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Part of having a business is always putting back into the business. This fall we have several new tunnels, non-slip from Galican headed our way. With the sand arena the old tunnels were just a little more slippery than I was comfortable with. Lots of new tunnel bags and tunnel huggers will be joining the new tunnels. In November, after the US Open we'll also be welcoming an army of new jumps. My hope is to keep improving and adding new pieces each year as well as constantly making sure the equipment we have is safe and well-maintained. We're also trying to get more color coordinated.... purple, teal, black, white, and grey! Consider trying out our new equipment at DogStar Farm for lessons, classes, workshops, UKI agility trials, seminars and more! Our 2023/24 season begins in October.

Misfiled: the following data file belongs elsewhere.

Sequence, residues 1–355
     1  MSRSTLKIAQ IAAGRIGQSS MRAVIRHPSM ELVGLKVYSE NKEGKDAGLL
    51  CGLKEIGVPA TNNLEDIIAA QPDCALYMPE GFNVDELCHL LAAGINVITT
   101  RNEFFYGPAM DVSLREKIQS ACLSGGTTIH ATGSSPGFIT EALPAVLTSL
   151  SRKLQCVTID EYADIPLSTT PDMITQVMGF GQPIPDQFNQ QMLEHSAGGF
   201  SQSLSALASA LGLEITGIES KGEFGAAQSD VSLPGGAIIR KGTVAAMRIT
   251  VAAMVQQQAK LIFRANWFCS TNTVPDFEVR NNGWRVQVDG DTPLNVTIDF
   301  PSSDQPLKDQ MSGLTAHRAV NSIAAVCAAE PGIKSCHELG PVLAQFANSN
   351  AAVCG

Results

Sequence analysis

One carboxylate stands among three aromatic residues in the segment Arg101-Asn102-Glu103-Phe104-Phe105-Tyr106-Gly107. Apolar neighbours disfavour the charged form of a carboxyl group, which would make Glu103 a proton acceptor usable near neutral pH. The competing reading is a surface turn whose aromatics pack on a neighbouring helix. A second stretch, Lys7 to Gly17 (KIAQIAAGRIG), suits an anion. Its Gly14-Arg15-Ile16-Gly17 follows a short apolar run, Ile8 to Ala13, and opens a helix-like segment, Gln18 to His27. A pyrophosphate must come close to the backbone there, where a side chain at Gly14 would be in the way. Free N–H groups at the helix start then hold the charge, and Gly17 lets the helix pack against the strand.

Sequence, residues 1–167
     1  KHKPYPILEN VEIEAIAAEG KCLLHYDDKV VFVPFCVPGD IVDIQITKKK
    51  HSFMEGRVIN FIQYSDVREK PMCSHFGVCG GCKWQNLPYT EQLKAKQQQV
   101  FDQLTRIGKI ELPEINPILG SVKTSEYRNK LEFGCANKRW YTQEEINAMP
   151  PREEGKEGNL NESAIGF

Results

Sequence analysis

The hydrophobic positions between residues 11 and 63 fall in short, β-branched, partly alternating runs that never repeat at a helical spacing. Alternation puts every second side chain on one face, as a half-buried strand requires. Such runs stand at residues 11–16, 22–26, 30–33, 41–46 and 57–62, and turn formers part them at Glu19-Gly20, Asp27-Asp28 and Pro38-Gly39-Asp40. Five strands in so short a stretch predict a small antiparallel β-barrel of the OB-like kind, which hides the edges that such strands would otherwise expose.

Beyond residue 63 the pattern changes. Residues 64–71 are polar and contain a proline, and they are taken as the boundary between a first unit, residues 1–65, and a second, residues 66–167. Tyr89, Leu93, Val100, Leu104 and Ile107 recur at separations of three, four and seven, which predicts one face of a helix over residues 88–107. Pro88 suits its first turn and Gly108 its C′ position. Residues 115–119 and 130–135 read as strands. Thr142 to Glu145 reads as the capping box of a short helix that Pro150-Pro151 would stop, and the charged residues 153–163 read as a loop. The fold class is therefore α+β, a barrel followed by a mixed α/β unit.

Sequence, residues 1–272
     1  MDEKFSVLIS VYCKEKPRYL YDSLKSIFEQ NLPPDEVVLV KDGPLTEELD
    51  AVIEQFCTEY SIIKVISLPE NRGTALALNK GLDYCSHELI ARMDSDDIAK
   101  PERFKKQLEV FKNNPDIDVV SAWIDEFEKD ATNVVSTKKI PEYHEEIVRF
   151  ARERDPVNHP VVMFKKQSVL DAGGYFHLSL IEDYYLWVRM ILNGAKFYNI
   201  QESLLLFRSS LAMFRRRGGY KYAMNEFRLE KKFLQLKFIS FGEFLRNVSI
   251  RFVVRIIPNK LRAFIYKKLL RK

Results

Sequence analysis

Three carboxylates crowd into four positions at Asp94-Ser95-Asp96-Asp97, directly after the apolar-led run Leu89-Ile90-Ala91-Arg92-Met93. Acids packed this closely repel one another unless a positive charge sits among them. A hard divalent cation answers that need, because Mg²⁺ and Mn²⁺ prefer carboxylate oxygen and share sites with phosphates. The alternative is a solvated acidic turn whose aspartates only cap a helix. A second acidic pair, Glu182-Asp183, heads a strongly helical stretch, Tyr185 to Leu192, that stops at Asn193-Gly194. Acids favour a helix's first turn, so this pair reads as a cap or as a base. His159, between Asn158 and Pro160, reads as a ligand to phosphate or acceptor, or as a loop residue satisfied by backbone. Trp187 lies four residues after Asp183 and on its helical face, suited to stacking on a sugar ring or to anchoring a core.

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I've been involved in the sport of dog agility for a long time and this year I finally got the chance to travel abroad as part of the AKC's "Team USA" to compete at the European Open held this year in Denmark. Honestly I thought this would be a one and done for me. I didn't love the idea of making my dog travel so far and I wasn't sure it would really be my thing. I'm happy to report that it was very much my thing. Despite some not so easy travel on either end of the trip I truly enjoyed the experience and can't wait to do it again! I started agility in the late 90's and the person I mentored with was on the AKC "World Team" so when I started out I just assumed that's what everyone aspired to and that had always been my goal. It didn't even occur to me that some people just did agility as a hobby and had no plans to compete above a local level. For me it was always about competing at the highest level, while also always realizing that not every partner I've trained has been interested in the same goal! I've been an alternate on a handful of teams over the years but this was the first time I'd actually had the opportunity to go. This adventure started with the EOTT in December of 2022. This team tryout event is held in Latrobe PA (my hometown area) at B&D Creekside Activity Center, an agility paradise. It is probably my favorite US event of the year. One ring, super judges, fun, challenging, and long courses, and amazing competition. Plus my favorite pizza place, Jioio's is right around the corner, and I get to visit family too. This was Betel's first tryouts and we were only going for the experience as he was only 2.5yo at the time. We had lots of really good stuff, and quite a bit of baby dog stuff too (I even fell in round one). Luckily we had one really good round when it counted and landed ourselves an alternate spot on the team. I figured that was the end of it. Order some cool team swag, attend the team practice and then continue training for the 2023 tryouts. I did all that, but as time went on one team had to pull, then another. In May I received the call that I would be needed in Denmark. Panic set in and we started planning the trip. My wonderful husband, Mike agreed to go along with me which was SO helpful, and fun. We left on the Monday morning before the competition started but ultimately did not make it to Copenhagen until Wednesday at 7 am. Off the plane and straight to our first team practice and then an evening team dinner at the hotel. Thursday was an official team practice at the show site followed by team vet check and measuring. A little bit of sightseeing and then back to the site for opening ceremonies (think dog sport Olympics). This part was really cool to take part in. Friday was the start of competition and our two team runs. Team USA had 24 members. Each height was split into groups of four to make several smaller teams that competed together. We all did great and I think ended up with an equal split of clean runs and eliminations which put us out of the running for finals. Saturday we ran our individual runs, jumping and agility. I loved so much about our runs but they were ultimately eliminations. Sunday was both team and individual finals, and while the weather had actually been quite nice for agility the first two days Sunday was a bit of a mess and definitely added to the challenges in finals. It was kind of cold and rainy all day long and by the end of closing ceremonies I was ready to be back at the hotel and a hot shower. Monday we got to have a fun day of touring the city and Tuesday we headed home. The travel was rough. Traveling with a dog right now is no joke, regardless of how you do it. I'm hoping it's not always like this but the travel days were long and stressful. Plus the whole international health certificate *before* you even get to the travel part was a whole other level of stress that doesn't sound like it gets any easier. Betel was such a trooper through it all, no matter what we through at him. He got out of his crate at the end of each flight like "hey guys, what's up?". This trip also made me realize how important that part is. I currently have five dogs and he may be the only one who could do this. Ursa is super young and hasn't even started competing yet, but I'm not sure that I can imagine her handling all of this in the same way. Our crating tents at the show site backed up to a chain link fence with railroad tracks on the other side. The first morning I was playing with B behind the tents when a high-speed train went whizzing by, maybe twenty yards away. Betel kind of turned his head, looked and then just barked at me to throw his frisbee. That stuff makes a huge difference. Sleep. I was really jet-lagged, and really nervous. That combination kept me up most of the night for Wednesday through Saturday. It wasn't until the competition was over for me was I able to sleep. So I was really tired. Next time I would definitely add more time onto the front end of my trip, and I would bring some sleeping aids with me as well. That part sucked. The competition. Everyone was good, like REALLY good. I've never been to an event (aside from AKC WTT or EOTT) where the playing field was so level. And everybody went for it ON EVERY SINGLE RUN. There was no playing it safe. Everyone wanted to make finals and the only way to do it was to trust your training and go for it. Lots of good handling and solid dog training. Some countries are so sharp and the training, just spot on. Almost no stopped dogwalk contacts. And, one of the big differences between the US and other countries... MEN. Some teams are almost all young, athletic men. Another big difference is the smoking! Everybody is either smoking or vaping. I don't know which is worse; having to smell smoke or watermelon vape. My runs: I've competed for a long time and I don't get super nervous over much. This definitely did it! I was so nervous before my first run that I was sure I would throw up. While waiting my turn with a couple dogs to go I suddenly couldn't remember which was #2 and which was #3. I never really straightened that out in my head but suddenly I was on the line and running. It wasn't our best effort ever but we did it. I secretly had a goal of just having one run that wasn't an "E". Not even clean, just not an elimination. WE RAN A CLEAR ROUND IN OUR FIRST RUN AT OUR FIRST INTERNATIONAL EVENT!!! We finished maybe 30th out of about 180. After that I felt better each time I went into the ring. Even though all three of those runs ended in "Es" I felt like each one got closer and closer to the way I want us to run. My baby dog had killer weaves and dogwalks, no bars, and two absolutely perfect teeters which I had worked so hard on in the months leading up to the event, but still thought would be our downfall (who wants to ride a teeter all the way to the ground when there's other fun stuff to do?). There was nothing I felt we couldn't do out there, handling-wise. The big takeaway for me is that we need to be running more courses in training. We had the skills but trying to piece together that many challenging skills rapid-fire was where I struggled. I will also be working on my strength training. I definitely need more power running. See our runs here. Our team and coaches were top-notch. Annette and Sheyla were there every minute "herding cats" and giving each of us exactly what we needed. I loved seeing teammates have amazing runs, and some "almosts". Our international teams have come so far. I can remember doing AKC WTT in the mid-2000s where we would walk courses and literally have no clue how to run them. We just didn't *ever* see that type of course in the US. Now we have UKI which has helped so much, and the addition of the AKC's ISC program is helping those of us interested in this tract of international competition a way to actually get to compete on these types of courses under actual European judges too. If you are interested in competing overseas someday, go for it! Take advantage of all the great resources we now have available to us. If there's none in your area...get started. If you build it they will come. Our Florida ISC days are usually on a Thursday and consist of about twenty of us, but it's growing, one by one. I also created a Facebook group "US Agility Goes Abroad - Travel, Training and Competition Outside the Country" Betel and I are already hard at work getting qualified for this year's tryouts so we can hopefully do it again next year! Some scenes from Betel's big adventure.